This 1991 Mitsubishi Delica is well under your price range (cheap enough to afford getting a rearview camera installed, that’s for sure), super cute, and actually shorter than your old Focus.
The whole thing is basically a Mitsubishi SUV with a van body on top, so it can drive to any dog park you could possibly imagine. Hell, if you wanted to take your dogs to the middle of Rausch Creek, here’s your ride.
I can’t believe our luck. You wanted Pizzazz, I give you the best dog ride in all of time (get it?), the DeLorean DMC-12. I did not go seeking this car for you. It found me, deep in the plunges of Auto Trader.
Checking the boxes for potential “makes” that could be good for you, I spotted the little “” next to “DeLorean,” 75 miles within a zip code Google told me is Washington, D.C.
And wouldn’t you know, the damn thing runs! According to the listing, this DMC-12 recently went through a maintenance overhaul from the company shop in Texas. The seller claims it could easily be used as a daily driver, so I don’t see a problem here.
And best of all, it’s already dog approved. Have you seen the movies? Those butterfly doors are perfect for Einstein to hop in and out of the car, no problem. A crossover will be harder later in life when jumping isn’t so fun, so the DeLorean being low to the ground is a good move.
There’s just one catch—for this one, we’re stretching the budget to $35,000. I’m not even sorry about it.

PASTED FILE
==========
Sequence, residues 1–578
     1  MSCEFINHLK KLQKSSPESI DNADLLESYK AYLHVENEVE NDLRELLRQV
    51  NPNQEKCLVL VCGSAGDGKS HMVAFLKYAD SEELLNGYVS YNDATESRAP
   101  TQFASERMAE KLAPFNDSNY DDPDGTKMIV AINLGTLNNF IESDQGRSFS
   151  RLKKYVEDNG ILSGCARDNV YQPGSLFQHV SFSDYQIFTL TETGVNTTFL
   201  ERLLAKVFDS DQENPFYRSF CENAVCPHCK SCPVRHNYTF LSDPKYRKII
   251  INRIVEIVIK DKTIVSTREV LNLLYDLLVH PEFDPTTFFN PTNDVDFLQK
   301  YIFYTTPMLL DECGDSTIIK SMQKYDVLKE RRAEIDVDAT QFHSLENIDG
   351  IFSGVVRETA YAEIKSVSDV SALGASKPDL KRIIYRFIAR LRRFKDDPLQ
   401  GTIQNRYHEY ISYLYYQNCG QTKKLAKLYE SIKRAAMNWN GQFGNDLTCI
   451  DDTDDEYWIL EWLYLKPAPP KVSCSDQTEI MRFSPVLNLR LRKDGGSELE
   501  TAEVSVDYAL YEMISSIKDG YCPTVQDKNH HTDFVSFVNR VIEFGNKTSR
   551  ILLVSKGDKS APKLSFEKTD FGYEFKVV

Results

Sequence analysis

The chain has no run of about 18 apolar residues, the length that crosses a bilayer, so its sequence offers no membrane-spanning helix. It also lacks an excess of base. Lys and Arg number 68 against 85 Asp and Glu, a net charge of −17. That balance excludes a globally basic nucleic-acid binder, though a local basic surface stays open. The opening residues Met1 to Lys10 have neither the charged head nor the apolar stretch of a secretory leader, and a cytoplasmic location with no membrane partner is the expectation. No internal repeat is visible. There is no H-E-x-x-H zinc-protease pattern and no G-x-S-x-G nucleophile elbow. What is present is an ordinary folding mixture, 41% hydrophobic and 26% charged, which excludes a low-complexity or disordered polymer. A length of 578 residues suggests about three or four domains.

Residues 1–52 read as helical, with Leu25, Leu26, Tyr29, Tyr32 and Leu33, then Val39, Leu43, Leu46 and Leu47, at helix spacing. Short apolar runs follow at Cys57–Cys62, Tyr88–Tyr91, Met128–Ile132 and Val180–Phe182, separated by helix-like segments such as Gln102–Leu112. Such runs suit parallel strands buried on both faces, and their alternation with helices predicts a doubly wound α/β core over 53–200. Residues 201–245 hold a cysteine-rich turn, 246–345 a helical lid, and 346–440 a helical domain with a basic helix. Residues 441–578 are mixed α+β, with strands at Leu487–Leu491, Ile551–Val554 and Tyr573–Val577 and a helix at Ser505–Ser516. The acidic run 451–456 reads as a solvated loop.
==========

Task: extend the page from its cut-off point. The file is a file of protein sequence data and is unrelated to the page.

I see that you’re mentioning options like the Subaru CrossTrek, Hyundai Venue, Hyundai Kona, and Honda HR-V. This probably means that you’re looking for a sensible suggestion. Only one problem: You came to a website filled with total, out-of-touch car loons.
Okay, let me reel that back a bit. We’re not really out-of-touch, we’re just so enthusiastic that making a sensible suggestion like, for example, a Honda Accord, literally requires us to focus to the point where we break a sweat.
Look at my colleagues above. Justin and Raphael are clearly not ready for a morning workout, so they followed their hearts. I can’t blame them. Tom tends to be on the more logical side, so he doesn’t end up with a drenched T-shirt when he recommends a normal car. He’s lucky like that.
I, on the other hand, have struggled for hours trying to beat my braincells into submission to propose an automobile that is actually not that wacky. I have succeeded, though the car isn’t boring, either, because suggesting a boring car might actually kill me.
I lost five pounds of water weight while doing it, but it was worth it. You need the Mini Countryman.
I have to admit that I’ve never driven one, but my former coworker Michael Ballaban has, and he liked it. Plus, Doug DeMuro is a fan, as you can see in the video above.
The vehicle has four doors, and it’s fairly tall, but it’s actually shorter than your old Focus. Plus, even though it it’s not exactly lightweight at 3,300 pounds, the turbocharged 1.6-liter inline four makes a solid 208 horsepower in the John Cooper Works trim shown at the top of this section.
That car, by the way, is for sale in your area for around $20,000 with 63,141 miles on its odometer. You can find other models, like the S (which still makes a solid 181 horsepower) for significantly less. It’s cool, it’s fun, it’ll fit a dog, and it’ll maneuver into a parking spot.
You need the Mini.